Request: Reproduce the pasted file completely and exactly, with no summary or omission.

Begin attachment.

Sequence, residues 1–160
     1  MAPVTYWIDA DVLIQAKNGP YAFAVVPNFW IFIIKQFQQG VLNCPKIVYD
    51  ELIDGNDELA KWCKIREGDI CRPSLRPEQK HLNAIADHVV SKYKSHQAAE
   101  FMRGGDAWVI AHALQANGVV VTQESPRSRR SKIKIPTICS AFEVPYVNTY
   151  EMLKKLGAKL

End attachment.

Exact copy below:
Sequence, residues 1–160
     1  MAPVTYWIDA DVLIQAKNGP YAFAVVPNFW IFIIKQFQQG VLNCPKIVYD
    51  ELIDGNDELA KWCKIREGDI CRPSLRPEQK HLNAIADHVV SKYKSHQAAE
   101  FMRGGDAWVI AHALQANGVV VTQESPRSRR SKIKIPTICS AFEVPYVNTY
   151  EMLKKLGAKL